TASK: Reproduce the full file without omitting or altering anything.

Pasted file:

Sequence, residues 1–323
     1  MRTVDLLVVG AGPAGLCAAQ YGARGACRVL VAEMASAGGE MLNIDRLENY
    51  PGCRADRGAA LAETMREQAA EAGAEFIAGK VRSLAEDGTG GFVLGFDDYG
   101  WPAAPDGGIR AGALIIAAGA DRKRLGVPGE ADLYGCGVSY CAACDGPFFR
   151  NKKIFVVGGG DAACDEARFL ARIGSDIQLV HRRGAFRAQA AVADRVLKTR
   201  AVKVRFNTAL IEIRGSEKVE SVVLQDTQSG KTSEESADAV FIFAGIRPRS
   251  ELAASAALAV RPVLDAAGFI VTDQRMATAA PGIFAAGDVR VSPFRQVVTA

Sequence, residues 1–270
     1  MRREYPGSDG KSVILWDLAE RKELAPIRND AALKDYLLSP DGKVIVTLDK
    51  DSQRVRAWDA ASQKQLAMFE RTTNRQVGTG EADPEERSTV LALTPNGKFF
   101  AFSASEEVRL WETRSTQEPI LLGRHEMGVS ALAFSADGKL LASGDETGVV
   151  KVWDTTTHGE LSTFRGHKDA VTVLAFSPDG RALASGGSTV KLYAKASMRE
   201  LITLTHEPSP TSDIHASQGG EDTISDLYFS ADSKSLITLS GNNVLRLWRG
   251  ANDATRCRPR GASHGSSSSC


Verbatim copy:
Sequence, residues 1–323
     1  MRTVDLLVVG AGPAGLCAAQ YGARGACRVL VAEMASAGGE MLNIDRLENY
    51  PGCRADRGAA LAETMREQAA EAGAEFIAGK VRSLAEDGTG GFVLGFDDYG
   101  WPAAPDGGIR AGALIIAAGA DRKRLGVPGE ADLYGCGVSY CAACDGPFFR
   151  NKKIFVVGGG DAACDEARFL ARIGSDIQLV HRRGAFRAQA AVADRVLKTR
   201  AVKVRFNTAL IEIRGSEKVE SVVLQDTQSG KTSEESADAV FIFAGIRPRS
   251  ELAASAALAV RPVLDAAGFI VTDQRMATAA PGIFAAGDVR VSPFRQVVTA

Sequence, residues 1–270
     1  MRREYPGSDG KSVILWDLAE RKELAPIRND AALKDYLLSP DGKVIVTLDK
    51  DSQRVRAWDA ASQKQLAMFE RTTNRQVGTG EADPEERSTV LALTPNGKFF
   101  AFSASEEVRL WETRSTQEPI LLGRHEMGVS ALAFSADGKL LASGDETGVV
   151  KVWDTTTHGE LSTFRGHKDA VTVLAFSPDG RALASGGSTV KLYAKASMRE
   201  LITLTHEPSP TSDIHASQGG EDTISDLYFS ADSKSLITLS GNNVLRLWRG
   251  ANDATRCRPR GASHGSSSSC